Pretty much any V-series preamp that hasn't been rebuilt needs to be rebuilt at this point. That means replacing out of spec resistors, bad capacitors, and worn-out tubes. It's not a job for someone who doesn't have good soldering and amp building skills because it's not that easy to work on. And that's if it has the original vibrato preamp and not something else installed as a modification.

    Based on your experience and skill level, you will probably need an experienced Hammond tech to sort out the problems. And I know the usual response: The guy who used to do that around has retired or died. Unfortunately, we can't do anything to fix that problem.
    I'm David. 'Dave' is someone else's name.

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    • #3
      I will gather some photos and sound samples this weekend and see if that helps... I'm just not sure if there's the possibility of something back there that you can easily turn up to drive the preamp tubes really hot and do what is happening here or if it's an early sign of death or just the caps needing replaced or what. I wish I had more time to devote to these organs but then I'd never work or get any actual recording work done, so I come to the experts and if I can't troubleshoot it on here, it's finding a new home..

      As to which Hammond for me, my guess is that an M3 would be the best to mod to get to sound like a B3 (adding foldback will be the worst of it I think) but I've seen some cool videos of a few E-100's that nail it as well. Since the E-100 is in the garage and has been all winter, I'm waiting to fire it up in warmer weather to see how it functions/sounds and see if it's worth bringing back into the house and moving the others out... Anyhow, Cheers.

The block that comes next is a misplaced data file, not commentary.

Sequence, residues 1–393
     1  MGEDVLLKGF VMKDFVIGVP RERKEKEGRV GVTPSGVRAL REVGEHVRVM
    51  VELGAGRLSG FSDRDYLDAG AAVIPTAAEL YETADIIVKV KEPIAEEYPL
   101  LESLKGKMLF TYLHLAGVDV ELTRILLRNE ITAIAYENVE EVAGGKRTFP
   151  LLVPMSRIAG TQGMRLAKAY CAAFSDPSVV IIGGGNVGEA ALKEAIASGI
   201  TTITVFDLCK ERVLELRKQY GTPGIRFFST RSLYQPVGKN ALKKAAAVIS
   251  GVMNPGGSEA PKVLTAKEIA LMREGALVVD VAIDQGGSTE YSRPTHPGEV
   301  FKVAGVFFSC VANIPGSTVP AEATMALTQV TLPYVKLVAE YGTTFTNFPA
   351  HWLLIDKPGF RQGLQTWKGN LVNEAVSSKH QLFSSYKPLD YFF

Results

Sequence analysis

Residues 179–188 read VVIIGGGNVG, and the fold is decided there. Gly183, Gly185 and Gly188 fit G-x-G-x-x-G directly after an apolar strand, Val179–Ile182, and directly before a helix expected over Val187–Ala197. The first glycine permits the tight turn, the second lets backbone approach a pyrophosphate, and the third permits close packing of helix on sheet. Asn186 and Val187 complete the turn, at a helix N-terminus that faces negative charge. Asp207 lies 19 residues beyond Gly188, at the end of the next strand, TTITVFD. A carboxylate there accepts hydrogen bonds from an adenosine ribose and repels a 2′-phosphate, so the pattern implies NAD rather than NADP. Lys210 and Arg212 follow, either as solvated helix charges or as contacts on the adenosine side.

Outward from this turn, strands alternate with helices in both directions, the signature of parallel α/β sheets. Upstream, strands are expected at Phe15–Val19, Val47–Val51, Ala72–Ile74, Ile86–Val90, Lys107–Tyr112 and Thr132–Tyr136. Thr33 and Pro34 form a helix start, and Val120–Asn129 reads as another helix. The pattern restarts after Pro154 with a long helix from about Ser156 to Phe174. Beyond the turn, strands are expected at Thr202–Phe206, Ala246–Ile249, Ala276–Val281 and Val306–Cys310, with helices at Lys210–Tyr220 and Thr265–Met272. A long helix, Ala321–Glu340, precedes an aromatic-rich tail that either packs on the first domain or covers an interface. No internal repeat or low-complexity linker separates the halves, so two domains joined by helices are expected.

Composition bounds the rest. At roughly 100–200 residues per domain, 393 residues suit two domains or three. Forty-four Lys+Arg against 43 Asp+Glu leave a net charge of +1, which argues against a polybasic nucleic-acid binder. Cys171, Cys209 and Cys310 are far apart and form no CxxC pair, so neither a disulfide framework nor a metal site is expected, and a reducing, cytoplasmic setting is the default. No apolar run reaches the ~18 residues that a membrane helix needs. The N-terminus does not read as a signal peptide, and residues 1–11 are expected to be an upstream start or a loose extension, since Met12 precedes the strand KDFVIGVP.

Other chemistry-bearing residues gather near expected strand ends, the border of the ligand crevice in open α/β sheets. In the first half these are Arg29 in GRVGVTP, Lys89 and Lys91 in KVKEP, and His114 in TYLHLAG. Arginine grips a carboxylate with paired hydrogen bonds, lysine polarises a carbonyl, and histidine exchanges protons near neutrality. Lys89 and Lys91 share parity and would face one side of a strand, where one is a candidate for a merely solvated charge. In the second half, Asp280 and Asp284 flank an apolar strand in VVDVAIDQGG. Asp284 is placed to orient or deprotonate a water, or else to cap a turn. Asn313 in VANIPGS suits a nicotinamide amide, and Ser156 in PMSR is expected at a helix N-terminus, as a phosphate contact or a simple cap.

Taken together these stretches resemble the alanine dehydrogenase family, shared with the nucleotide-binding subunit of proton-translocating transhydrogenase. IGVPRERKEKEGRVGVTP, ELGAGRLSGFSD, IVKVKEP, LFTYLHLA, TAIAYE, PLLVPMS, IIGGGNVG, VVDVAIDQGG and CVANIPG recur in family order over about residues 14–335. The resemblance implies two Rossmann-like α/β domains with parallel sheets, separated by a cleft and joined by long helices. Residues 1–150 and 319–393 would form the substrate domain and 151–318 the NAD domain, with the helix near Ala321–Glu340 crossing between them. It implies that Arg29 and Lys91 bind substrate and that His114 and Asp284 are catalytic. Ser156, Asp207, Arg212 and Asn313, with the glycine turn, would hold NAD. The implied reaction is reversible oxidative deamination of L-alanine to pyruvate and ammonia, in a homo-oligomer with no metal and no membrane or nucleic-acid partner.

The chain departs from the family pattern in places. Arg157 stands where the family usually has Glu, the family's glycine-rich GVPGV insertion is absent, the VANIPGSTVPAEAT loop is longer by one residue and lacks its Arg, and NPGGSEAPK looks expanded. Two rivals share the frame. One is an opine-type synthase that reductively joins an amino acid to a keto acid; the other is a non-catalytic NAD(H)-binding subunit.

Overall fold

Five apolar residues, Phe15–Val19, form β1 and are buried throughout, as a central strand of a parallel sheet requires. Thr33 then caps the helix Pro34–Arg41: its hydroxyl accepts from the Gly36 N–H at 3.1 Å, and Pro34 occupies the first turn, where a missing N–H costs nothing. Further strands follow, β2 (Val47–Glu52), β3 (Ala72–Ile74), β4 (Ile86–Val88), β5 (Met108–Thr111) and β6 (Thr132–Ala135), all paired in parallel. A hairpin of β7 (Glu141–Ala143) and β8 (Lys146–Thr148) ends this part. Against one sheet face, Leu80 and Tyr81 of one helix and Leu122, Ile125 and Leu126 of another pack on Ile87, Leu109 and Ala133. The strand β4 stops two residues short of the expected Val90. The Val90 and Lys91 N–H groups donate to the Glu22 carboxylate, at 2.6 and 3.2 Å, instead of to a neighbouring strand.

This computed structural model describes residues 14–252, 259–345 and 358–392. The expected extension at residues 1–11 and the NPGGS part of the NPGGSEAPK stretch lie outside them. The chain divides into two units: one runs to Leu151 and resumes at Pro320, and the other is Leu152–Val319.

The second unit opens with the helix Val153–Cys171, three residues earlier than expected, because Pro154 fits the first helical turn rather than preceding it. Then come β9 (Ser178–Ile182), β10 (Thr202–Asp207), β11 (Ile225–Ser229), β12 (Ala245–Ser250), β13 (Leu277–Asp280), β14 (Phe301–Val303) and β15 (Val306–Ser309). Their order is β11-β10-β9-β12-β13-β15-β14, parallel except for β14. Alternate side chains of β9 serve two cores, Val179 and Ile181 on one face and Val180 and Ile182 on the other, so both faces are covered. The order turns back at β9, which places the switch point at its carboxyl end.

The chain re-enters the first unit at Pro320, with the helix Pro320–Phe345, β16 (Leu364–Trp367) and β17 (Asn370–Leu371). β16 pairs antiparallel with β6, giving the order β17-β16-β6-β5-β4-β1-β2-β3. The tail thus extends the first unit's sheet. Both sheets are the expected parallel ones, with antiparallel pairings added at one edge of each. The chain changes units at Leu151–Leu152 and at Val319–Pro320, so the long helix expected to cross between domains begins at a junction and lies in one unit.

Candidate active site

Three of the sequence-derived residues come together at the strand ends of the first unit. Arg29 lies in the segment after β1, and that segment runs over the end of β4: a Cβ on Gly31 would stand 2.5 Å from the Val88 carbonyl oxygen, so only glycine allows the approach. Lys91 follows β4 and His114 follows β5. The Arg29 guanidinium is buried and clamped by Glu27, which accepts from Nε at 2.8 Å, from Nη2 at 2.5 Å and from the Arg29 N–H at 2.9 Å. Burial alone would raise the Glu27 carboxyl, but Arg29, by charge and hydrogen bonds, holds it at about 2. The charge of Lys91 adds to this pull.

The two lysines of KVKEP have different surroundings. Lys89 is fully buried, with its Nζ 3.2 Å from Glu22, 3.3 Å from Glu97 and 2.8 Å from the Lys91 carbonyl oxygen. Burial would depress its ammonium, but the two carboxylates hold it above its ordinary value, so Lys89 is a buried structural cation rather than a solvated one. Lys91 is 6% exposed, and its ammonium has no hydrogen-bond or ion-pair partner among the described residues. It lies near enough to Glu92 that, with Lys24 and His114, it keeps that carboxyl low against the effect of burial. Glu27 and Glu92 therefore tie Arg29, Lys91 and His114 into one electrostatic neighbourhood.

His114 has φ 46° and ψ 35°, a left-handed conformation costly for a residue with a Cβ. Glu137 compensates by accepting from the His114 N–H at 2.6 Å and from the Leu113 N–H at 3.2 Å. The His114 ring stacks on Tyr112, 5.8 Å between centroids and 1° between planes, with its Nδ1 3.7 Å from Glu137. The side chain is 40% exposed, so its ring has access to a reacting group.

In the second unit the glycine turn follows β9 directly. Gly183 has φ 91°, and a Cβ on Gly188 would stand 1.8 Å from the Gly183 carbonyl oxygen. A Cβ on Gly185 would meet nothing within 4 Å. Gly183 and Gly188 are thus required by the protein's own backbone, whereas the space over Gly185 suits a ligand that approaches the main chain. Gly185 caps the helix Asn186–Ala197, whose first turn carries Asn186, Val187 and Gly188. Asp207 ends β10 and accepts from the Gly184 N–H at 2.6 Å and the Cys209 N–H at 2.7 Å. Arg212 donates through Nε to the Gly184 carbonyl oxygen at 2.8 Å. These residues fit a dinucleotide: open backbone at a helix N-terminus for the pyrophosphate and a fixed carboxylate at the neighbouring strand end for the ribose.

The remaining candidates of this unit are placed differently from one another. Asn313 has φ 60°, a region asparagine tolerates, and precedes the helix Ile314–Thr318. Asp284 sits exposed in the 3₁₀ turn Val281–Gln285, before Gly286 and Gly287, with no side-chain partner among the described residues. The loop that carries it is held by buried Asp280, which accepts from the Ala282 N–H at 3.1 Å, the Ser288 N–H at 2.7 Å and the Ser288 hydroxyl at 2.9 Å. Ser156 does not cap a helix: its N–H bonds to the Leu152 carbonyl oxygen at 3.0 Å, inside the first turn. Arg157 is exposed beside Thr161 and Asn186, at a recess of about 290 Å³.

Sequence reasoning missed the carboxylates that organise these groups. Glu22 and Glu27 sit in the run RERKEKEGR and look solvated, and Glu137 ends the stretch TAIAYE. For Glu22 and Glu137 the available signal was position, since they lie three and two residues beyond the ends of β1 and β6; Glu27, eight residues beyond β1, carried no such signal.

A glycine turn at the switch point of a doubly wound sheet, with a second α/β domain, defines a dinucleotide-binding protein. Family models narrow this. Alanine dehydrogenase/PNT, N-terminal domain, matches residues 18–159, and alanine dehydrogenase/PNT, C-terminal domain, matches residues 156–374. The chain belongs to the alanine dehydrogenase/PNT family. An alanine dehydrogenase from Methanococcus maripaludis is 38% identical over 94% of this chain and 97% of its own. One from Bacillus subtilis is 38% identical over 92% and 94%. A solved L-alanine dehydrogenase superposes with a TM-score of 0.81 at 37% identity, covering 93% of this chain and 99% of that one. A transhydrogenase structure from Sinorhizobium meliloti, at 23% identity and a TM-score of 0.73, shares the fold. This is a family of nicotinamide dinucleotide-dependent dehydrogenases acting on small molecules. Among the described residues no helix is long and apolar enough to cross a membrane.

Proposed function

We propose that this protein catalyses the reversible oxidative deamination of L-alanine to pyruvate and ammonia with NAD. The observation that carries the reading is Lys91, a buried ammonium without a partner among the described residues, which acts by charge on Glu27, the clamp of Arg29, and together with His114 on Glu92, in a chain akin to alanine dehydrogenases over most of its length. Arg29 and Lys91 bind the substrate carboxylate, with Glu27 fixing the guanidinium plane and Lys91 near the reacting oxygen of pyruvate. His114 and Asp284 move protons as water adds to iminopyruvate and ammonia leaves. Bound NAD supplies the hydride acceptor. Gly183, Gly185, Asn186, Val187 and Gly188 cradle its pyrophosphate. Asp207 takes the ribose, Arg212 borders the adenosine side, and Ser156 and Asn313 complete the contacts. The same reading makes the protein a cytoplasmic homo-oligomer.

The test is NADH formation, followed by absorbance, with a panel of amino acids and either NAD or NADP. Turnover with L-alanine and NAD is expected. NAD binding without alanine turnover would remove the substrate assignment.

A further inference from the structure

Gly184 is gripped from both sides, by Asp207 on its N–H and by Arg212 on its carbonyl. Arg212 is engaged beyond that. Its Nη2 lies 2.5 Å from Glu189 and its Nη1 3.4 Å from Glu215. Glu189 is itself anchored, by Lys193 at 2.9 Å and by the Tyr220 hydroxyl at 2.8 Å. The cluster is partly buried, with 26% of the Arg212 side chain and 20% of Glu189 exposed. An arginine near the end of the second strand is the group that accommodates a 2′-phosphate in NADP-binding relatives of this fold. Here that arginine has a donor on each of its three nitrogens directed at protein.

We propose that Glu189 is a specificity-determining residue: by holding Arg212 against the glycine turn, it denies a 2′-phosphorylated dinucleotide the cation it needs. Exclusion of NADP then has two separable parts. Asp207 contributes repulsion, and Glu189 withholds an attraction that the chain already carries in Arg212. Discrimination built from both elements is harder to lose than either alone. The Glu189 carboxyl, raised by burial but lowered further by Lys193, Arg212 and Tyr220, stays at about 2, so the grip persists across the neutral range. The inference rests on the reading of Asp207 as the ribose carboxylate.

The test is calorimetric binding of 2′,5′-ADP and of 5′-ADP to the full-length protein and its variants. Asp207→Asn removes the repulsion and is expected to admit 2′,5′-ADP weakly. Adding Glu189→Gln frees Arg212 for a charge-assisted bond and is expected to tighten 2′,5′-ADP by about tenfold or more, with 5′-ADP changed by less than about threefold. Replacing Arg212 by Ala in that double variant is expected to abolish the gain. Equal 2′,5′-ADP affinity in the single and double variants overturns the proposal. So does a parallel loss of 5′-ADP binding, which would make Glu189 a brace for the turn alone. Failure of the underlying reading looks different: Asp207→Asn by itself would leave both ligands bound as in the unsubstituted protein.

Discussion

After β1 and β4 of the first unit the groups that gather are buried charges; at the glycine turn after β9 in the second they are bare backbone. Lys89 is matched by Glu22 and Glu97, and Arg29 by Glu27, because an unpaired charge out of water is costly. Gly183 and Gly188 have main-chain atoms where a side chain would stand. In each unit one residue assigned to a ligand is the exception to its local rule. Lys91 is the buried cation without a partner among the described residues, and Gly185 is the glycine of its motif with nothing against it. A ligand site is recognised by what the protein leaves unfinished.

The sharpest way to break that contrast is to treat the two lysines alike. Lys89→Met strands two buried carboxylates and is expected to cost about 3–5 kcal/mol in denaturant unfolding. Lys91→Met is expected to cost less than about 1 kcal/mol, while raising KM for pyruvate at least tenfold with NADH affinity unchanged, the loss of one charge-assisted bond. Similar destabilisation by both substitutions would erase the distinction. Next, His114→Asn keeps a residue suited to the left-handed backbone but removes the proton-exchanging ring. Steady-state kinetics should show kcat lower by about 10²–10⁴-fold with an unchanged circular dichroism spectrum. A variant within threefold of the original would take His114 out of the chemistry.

-Pat

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      • #4
        Originally posted by proche3 View Post
        I'm just not sure if there's the possibility of something back there that you can easily turn up to drive the preamp tubes really hot and do what is happening here or if it's an early sign of death or just the caps needing replaced or what.
        Your BV is 70 years old. People think that electronic parts last indefinitely. They don't. Tubes wear out. Resistors open up. Capacitors develop DC leakage. Would you expect a 70 year-old car to run right without some work? I'm just trying to present a reality check here. On the other hand, the Hammond tone generators and manuals are beating the odds, so it can make sense to fix the electronics.

        I've rebuilt V-series preamps to work as good as new, but it's not a one-hour job.
        I'm David. 'Dave' is someone else's name.

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        • #5
          Would you have any regrets in the future if you let your father's BV go? Would it be worth paying a tech to bring it up to spec to have it around for another 20 or 30 years?

          Or even slowly learn how to do the work yourself? It's only time and patience and a bit of money here and there. A good zen experience if you enjoy that type of hobby.

          You really can't keep two?
          When I become dictator, those who preach intolerance will not be tolerated.

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          • #6
            I think you'll regret it if you don't keep the BV. One: It was his main organ. Two: When properly working it's the best one - and the 'hippest'. As was said, pay to have the electronics overhauled. Or learn to become a tech :-)